State Majority Leader Becker holds town hall meeting in Granby (with video)
Grand County’s representative to the Colorado State House, Democratic Majority Leader KC Becker was in Granby last week as she held a town hall meeting to hear from constituents and to get an idea of what issues are weighing on the minds of local citizens as she prepares for next year’s legislative session.
The town hall event was held in the Granby Library’s Community Room on Aug. 17 and featured Becker speaking in a roundtable style setting with over a dozen constituents who peppered the legislator with questions on a wide range of topics. Becker, who is a Democrat, was met with a receptive audience made up mostly of members of the County Democratic Party. Discussion for the evening focused on several topics, from healthcare and marijuana to water rights, Short Term Rentals and Colorado’s, often contentious, tax legislation the Taxpayers Bill of Rights, more commonly known as TABOR.
A recurring topic for the evening was healthcare and health insurance, which Becker acknowledged were questions for which she did not have good answers.
“I don’t have an answer on that,” Becker said of the high cost of health insurance premiums. “Nothing passed [the state legislature] that was meant to address rural premiums.”
Becker noted a statewide market bill but added, “I don’t know what the answer is.”
Becker also informed attendees she does not work on health care related committees in the State House and instead works on finance, agriculture, water and environmental committees.
Becker discussed marijuana regulation through the context of taxes and revenues.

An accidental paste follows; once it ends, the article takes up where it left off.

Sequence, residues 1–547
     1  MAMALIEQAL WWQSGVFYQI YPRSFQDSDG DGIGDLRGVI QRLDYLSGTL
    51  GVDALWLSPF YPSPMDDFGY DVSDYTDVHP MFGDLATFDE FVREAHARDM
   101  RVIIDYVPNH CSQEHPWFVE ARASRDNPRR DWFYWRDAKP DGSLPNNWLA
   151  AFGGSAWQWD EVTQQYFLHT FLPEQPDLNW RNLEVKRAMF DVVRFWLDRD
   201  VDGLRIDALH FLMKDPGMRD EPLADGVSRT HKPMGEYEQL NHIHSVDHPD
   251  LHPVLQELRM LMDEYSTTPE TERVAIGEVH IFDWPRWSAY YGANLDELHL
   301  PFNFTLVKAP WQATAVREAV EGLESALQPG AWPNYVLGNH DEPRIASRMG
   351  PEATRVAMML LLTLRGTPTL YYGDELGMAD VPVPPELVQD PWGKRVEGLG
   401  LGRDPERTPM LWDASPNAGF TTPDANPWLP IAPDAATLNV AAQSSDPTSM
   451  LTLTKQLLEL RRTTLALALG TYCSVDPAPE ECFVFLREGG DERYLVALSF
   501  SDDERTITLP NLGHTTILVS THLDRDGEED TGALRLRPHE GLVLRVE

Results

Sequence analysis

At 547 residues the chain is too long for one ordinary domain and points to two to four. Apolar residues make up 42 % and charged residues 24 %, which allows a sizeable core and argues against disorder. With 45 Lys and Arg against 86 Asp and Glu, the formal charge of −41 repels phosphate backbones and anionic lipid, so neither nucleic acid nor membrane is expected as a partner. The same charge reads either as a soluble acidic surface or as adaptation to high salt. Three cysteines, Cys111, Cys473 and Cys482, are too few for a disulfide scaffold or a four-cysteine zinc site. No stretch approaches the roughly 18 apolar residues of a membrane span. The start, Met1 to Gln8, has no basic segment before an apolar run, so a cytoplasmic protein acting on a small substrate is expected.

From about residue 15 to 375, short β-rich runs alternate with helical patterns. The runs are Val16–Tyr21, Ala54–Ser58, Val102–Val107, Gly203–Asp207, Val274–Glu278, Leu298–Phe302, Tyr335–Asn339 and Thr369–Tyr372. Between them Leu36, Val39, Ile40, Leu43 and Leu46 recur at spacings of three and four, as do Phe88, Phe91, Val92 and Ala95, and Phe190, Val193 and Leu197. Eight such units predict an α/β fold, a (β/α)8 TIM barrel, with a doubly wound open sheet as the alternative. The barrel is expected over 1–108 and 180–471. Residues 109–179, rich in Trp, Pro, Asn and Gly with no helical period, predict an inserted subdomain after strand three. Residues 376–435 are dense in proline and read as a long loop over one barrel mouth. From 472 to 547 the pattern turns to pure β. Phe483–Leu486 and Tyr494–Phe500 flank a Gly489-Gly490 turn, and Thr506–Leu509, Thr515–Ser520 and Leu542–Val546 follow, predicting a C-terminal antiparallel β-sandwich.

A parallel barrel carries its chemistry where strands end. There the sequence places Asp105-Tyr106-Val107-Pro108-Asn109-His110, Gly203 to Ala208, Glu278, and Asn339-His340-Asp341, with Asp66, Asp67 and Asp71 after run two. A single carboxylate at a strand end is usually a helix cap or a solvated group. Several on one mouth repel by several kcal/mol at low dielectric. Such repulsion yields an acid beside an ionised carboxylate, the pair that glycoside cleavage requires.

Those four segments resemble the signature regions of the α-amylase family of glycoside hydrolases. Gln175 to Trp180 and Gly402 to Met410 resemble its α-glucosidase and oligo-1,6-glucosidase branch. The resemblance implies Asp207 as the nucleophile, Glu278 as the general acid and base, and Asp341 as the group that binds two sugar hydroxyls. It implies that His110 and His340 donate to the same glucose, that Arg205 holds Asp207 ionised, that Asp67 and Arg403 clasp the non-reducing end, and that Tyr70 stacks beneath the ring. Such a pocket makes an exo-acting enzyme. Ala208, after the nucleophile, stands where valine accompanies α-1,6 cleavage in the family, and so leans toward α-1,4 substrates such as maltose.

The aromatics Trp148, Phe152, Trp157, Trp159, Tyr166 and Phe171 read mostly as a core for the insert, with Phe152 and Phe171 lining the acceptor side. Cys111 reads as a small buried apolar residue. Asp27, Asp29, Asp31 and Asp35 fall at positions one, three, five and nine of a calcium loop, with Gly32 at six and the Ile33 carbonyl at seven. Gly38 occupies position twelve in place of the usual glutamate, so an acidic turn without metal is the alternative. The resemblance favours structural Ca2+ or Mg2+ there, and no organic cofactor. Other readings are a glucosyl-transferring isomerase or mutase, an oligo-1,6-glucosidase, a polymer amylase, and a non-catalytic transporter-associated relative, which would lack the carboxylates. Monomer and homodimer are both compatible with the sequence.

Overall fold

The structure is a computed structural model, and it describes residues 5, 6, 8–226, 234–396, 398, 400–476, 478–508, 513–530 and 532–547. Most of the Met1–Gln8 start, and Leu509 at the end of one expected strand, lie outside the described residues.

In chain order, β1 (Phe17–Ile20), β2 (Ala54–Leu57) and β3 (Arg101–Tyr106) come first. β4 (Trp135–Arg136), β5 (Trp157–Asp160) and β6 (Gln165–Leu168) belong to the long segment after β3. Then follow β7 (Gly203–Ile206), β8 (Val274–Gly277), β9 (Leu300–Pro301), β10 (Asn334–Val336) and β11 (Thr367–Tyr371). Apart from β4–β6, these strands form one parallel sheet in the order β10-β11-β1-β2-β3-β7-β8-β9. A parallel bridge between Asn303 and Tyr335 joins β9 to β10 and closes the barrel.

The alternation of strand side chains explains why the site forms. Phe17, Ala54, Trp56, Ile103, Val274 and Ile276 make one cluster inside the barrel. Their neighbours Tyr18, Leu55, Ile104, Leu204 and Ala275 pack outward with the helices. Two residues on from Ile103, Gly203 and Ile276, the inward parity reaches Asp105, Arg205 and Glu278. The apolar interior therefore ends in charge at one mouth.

“The State and local governments are generating a lot from marijuana,” Becker said. “It generated around $120 million last year. One of the impacts I thnk that we have from legal marijuana is a big influx of the transient population. There was a huge bump in marijuana taxes.
Becker said much of the bump would be applied to chronic homelessness issues in Colorado and nearly $15 million in housing would be spent through the Colorado Department of Local Affairs, more commonly known as DOLA.
Becker discussed the need for addressing issues related to the black and gray markets in Colorado and highlighted legislation limiting the total number of plants for medical users at 24, if growers register with the state. Becker noted she encountered stringent opposition to the measure at a recent Town Hall in Nederland but added the bill passed the house unanimously.
SHORT TERM RENTALS
After receiving comments from the crowd about Short Term Rentals Becker highlighted her belief that the issue was primarily one for local governments, either counties or cities and towns.
The message she was getting from constituents and local government officials in her district is, “we don’t want the state to do anything,” Becker said of comments she has received. Becker said most of the comments she receives on the issues explicitly call for local control.
“Don’t expect the state to get involved,” she said.
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